• slide1
  • slide2
  • slide3b
  • slide4
  • slide5
  • slide6
  • slide7b
  • slide8
  • slide9
  • slide10
  • buildingMajestic Time:
    A Collection of the Works of Thomas Tompion, Master Horologist
    On display at The National Watch Clock MuseumNovember 21, 2013 - January 18, 2014

    Hours: 10 AM - 4 PM, Tuesday - Saturday
    514 Poplar Street                      Googlemaps           Mapquest
    Columbia, PA 17512
    Phone: 717-684-8261 (Option 3)        
  • Thomas Tompion sold over 700 clocks and 5,000 watches beginning in the early 1670s until his death in 1713. His relentless pursuit of quality, both artistic and mechanical, is evident in the beauty and splendor of the casework and the precision and ingenuity of the mechanisms. This magnificent exhibit is perhaps the largest public display of his work ever assembled. Two watches, 14 clocks, and two sundials are showcased.
  • Both watches are mechanically complex and magnificently cased. The earliest (ca. 1681, above left) has an alarm and strikes the hours. The other (ca. 1700, above right) is a repeater that can indicate the nearest quarter hour on a pair of gongs hidden within the case.
  • The sundials remind us that, regardless of the aesthetic or mechanical perfection of his work, Tompion was just as concerned with timekeeping and the pursuit of accuracy. The larger, of heavy cast bronze (above left), was designed to keep accurate time by adjusting for the difference in latitude between summer and winter estates. The other, an engraved bronze sheet dial (above right), shows time to the minute.
  • There are also two turret, or tower, clock movements on display. These two are the only known survivors from the few he made. Along with all the other clocks in the exhibit they are running; the sound and motion bring the exhibit to life.
  • A charming pair of single-handed lantern clocks with alarms, a style common long before Tompion’s birth, span the years of his working life. The largest, circa 1680 (above left), although outdated, served the needs of its owner due, in part, to its mechanical integrity. The latter, circa 1708 (above right), was probably used as a traveling alarm judging from its small size.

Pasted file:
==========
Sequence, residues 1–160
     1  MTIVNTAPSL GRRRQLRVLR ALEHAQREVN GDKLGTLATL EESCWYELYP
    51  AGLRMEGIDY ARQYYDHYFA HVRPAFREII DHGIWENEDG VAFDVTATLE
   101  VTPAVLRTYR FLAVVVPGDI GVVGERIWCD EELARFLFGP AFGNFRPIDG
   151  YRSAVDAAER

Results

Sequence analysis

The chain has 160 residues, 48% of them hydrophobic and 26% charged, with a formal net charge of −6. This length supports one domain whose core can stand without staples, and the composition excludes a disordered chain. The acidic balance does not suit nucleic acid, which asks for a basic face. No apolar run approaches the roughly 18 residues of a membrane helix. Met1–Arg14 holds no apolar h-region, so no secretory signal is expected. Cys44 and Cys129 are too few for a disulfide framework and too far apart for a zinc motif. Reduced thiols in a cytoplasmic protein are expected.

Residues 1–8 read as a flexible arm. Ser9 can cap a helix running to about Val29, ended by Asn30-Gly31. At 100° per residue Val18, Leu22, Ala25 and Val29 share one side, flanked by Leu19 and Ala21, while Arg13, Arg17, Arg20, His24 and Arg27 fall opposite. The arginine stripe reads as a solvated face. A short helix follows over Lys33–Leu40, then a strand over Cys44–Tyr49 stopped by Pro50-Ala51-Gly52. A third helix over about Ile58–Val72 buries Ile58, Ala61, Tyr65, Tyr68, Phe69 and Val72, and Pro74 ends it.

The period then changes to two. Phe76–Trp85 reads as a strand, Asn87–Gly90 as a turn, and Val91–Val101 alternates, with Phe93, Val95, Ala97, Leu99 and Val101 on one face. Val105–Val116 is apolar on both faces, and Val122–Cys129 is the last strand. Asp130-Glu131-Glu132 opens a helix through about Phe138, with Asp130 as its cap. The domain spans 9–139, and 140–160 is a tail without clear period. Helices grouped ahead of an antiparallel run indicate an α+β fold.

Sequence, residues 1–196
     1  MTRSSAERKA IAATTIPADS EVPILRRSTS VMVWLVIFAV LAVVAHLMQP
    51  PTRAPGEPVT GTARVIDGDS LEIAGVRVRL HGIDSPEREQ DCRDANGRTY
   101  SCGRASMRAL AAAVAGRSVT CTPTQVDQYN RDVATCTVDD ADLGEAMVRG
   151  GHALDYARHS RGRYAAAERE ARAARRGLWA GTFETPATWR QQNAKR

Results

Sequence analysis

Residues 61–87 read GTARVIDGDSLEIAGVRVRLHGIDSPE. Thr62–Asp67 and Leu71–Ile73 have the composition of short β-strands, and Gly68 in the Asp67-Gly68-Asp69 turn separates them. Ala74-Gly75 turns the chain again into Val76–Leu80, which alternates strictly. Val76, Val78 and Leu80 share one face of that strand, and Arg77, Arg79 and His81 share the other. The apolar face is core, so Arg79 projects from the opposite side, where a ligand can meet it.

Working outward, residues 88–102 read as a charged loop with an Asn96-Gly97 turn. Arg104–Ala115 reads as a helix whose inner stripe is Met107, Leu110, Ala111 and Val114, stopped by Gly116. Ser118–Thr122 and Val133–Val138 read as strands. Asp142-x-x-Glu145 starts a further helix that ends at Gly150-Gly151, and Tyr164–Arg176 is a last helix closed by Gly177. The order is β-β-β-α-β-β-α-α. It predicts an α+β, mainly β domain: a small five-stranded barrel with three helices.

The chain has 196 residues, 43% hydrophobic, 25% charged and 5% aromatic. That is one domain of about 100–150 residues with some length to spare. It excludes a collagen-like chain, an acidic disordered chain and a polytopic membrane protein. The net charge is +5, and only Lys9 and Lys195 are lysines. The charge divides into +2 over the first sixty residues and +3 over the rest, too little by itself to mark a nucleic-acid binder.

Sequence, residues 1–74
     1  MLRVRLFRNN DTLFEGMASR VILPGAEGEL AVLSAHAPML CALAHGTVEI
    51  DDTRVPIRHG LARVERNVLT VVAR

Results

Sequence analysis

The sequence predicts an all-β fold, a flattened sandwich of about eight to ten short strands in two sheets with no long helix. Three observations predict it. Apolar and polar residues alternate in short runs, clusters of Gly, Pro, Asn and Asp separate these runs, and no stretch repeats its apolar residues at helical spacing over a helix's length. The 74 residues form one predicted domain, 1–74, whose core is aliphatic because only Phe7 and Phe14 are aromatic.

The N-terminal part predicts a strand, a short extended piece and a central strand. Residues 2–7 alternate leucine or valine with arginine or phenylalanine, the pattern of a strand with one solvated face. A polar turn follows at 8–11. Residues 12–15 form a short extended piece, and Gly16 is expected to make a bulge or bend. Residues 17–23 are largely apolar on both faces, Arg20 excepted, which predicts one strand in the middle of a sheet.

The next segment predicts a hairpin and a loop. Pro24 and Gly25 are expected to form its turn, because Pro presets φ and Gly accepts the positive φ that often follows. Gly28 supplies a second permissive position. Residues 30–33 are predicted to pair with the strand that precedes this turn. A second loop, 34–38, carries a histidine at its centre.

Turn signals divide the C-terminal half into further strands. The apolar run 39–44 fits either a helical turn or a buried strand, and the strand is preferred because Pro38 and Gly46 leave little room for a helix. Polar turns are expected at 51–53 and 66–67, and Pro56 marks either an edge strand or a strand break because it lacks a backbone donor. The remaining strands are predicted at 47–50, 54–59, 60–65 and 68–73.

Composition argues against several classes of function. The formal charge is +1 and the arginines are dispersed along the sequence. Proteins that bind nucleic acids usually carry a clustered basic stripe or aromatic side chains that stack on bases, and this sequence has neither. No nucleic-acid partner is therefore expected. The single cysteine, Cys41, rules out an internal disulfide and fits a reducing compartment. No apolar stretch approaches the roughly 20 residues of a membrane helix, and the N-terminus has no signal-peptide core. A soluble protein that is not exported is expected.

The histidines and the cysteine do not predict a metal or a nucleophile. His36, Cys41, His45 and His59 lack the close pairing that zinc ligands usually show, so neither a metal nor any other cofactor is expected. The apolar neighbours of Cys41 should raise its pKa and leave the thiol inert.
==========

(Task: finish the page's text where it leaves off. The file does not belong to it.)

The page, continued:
• A pair of ebonized tall clocks present an interesting contrast. The oldest (above left) runs only one day between windings and, like the lantern clocks, was serviceable but technically obsolete for its time. The other tall clock, made very late in his life (ca. 1709, above center) is a precision regulator showing both sidereal (star) time and mean (sun) time and is displayed here (above right) with its mechanism mounted out of the case for viewing.
  • Two burl walnut tall case clocks from about 1700, although similar in appearance, house quite different mechanisms. The tallest (above left) has quarter-hour striking and runs for a week between windings. The second (above right) strikes only the hour but runs for a month.
  • A duo of surprisingly small ebony table clocks, the smallest (above left) standing under 10 inches, exemplify the standard designs Tompion offered for sale. Both strike the hours, announce the nearest quarter-hour on demand, and can be silenced at night.
  • A pair of larger ebony table clocks resonate with the timeless beauty of Tompion’s production. An original “shipping box” is also displayed (above left), an astonishing survivor of 300 years. The “Sussex Tompion,” perfect of form and proportion (above right), is still copied today.
  • Of the two remaining clocks, the “Olivewood Tompion” (above left) may be the earliest surviving example of his work. An imposing table clock, it shows intriguing influences of earlier London makers. The “Selby-Lowndes” (above right) is Tompion at the pinnacle of his craft... a combination of mechanical and artistic perfection.